The story of the Silicon Valley starts with Stanford University in Palo Alto, which has been of fundamental importance in the rise of the electronics industry in Santa Clara County.
In the 19th century, Spanish settlers, who have been the first white visitors to California, founded civilian communities and gave them Spanish names such as San Francisco, Santa Clara or San Jose. They liked the Mediterranean climate in the Santa Clara Va lley which was very hospitable. This area came to be used by farmers and ranchers cultivating orchards, for it provided "some of the world's finest farming soil.")
In 1887, Leland Stanford, a wealthy railroad magnate who owned a large part of the Pacific Railroad, decided to dedicate a university to his son's memory who had died due to a severe disease shortly before he intended to go to a university.
Leland Stanford and his wife built Leland Stanford Jr. University on 8,800 acres of farmland in Palo Alto and also donated 20 million dollars to it. The university opened in 1891 and "would in time become one of the world's great academic institutions.")
In 1912, Lee De Forest, who had invented the first vacuum tube, the three electrode audion, discovered the amplifying effect of his audion while working in a Federal Telegraph laboratory in Palo Alto. This was the beginning of the Electronics Age, and "ama teur radio became an obsession") at Stanford University.
The state of this university was changed fundamentally by Frederick Terman, who was the progenitor of the initial Silicon Valley boom. Today he is also known as the "godfather of Silicon Valley.") Terman was born in 1900, and as the son of a Stanford prof essor (who developed the Stanford-Binet IQ tests) he had grown up on the campus. After his graduation from Stanford University he decided to go East to the Massachusetts Institute of Technology (MIT), which was the leading university in technology then. He studied under Vannevar Bush, who was one of America's leading scientists, and was offered a teaching position at MIT after receiving his doctorate in 1924.
He returned to Palo Alto to visit his family before he intended to start at MIT, but he was caught by a severe case of tuberculosis which forced him to spend one year in bed. This made him finally decide to stay in Palo Alto and teach at Stanford Universit y because of the better climate in California.)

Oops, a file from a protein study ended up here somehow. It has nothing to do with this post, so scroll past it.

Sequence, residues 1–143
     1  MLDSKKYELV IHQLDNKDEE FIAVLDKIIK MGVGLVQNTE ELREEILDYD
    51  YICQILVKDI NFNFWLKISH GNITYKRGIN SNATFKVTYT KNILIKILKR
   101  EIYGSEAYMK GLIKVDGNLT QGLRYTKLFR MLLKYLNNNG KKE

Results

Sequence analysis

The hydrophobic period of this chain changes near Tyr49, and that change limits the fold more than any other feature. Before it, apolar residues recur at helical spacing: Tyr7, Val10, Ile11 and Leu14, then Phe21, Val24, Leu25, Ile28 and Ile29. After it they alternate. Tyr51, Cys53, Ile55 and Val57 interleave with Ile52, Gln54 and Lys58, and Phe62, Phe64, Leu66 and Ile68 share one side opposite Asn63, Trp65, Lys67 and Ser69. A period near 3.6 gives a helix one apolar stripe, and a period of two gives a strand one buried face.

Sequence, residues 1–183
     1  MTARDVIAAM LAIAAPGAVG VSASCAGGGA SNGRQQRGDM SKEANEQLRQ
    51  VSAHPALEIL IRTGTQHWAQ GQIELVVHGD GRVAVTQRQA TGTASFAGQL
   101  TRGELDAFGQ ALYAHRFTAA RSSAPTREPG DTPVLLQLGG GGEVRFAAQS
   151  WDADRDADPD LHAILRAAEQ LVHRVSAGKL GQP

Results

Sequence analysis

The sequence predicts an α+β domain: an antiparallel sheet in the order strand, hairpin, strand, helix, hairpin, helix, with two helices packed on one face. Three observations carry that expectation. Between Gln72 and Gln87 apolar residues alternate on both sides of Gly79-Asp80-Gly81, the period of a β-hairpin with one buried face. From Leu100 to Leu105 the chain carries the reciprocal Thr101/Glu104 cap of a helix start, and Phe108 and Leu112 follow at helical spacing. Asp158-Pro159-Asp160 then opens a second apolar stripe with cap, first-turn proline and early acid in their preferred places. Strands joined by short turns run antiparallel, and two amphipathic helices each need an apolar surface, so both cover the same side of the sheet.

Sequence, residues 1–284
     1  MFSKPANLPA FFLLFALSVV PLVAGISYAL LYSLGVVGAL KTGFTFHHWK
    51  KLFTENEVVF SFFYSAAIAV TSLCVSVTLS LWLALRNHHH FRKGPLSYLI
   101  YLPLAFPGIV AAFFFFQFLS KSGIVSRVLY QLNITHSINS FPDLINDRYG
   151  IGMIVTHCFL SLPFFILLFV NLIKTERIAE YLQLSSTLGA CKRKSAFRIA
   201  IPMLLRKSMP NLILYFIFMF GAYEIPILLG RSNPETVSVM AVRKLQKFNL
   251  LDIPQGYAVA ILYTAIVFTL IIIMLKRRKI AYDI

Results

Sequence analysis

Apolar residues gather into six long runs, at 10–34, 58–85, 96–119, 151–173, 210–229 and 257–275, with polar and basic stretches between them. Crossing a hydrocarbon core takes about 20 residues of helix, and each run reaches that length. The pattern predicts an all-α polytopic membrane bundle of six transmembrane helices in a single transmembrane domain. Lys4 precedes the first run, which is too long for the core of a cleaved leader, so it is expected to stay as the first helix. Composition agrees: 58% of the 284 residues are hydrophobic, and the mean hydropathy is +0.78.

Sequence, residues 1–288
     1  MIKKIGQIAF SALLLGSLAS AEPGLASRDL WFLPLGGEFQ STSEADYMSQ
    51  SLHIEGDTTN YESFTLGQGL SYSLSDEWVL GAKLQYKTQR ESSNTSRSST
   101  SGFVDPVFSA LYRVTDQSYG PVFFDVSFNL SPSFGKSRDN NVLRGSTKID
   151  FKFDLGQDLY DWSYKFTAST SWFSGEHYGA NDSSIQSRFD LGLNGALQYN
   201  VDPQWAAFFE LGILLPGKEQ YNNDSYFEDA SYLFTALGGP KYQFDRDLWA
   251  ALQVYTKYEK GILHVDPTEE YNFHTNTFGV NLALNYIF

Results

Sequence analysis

Terman became head of the department of engineering by 1937 and established a stronger cooperation between Stanford and the surrounding electronics industry to stop the brain drain caused by many students who went to the East after graduation, as they did not find a job in California then.)
The Varian brothers are an example of such a cooperation between university and industry. After graduation they founded a company upon a product they had developed at the Stanford laboratories. Their company, Varian Associates, was settled 25 miles from th e university and specialized on radar technology.
After World War II, the Stanford Research Institute (SRI) was founded. Its aim was to provide the industry with more skilled students and to increase the number of companies in Santa Clara County.
Terman wanted companies to settle next to the university. In 1951, he founded the first high-technology industrial park, the Stanford Research Park, "where business, academic and government interests could come together in a synergistic vision of the futur e.") Portions of this land would be leased to companies, because the "original Stanford family land gift forbade the sale of any of its 8,800 acres.") These companies were offered close contacts to the SRI and could lease land for 99 years at a fixed pri ce which they had to pay in advance. The first firm to settle in this park was Varian Associates leasing land for $4,000 an acre, which was a good deal as there was no inflation clause in the agreement making this site today worth several hundred thousand dollars.
More and more firms - among them Hewlett-Packard as one of the first residents - settled their Research and Development (R&D) departments in this park, and they were to become the "core of the early explosive growth of Silicon Valley.") Today, there are m ore than 90 firms employing over 25,000 people.
During the Korean War the US government placed Stanford with a great deal of their projects which made more and more electronics companies (among them IBM and Lockheed) open R&D departments in Santa Clara County.
Due to his prepaid leasing program Terman received more than $18 million and, moreover, many companies endowed the university with gifts, which Terman used to hire qualified professors from all over the USA. Thus, he had created a mechanism which increased the settlement of the electronics industry.
The successful Stanford Research Park has served as a worldwide model for a lot of other high-technology parks.)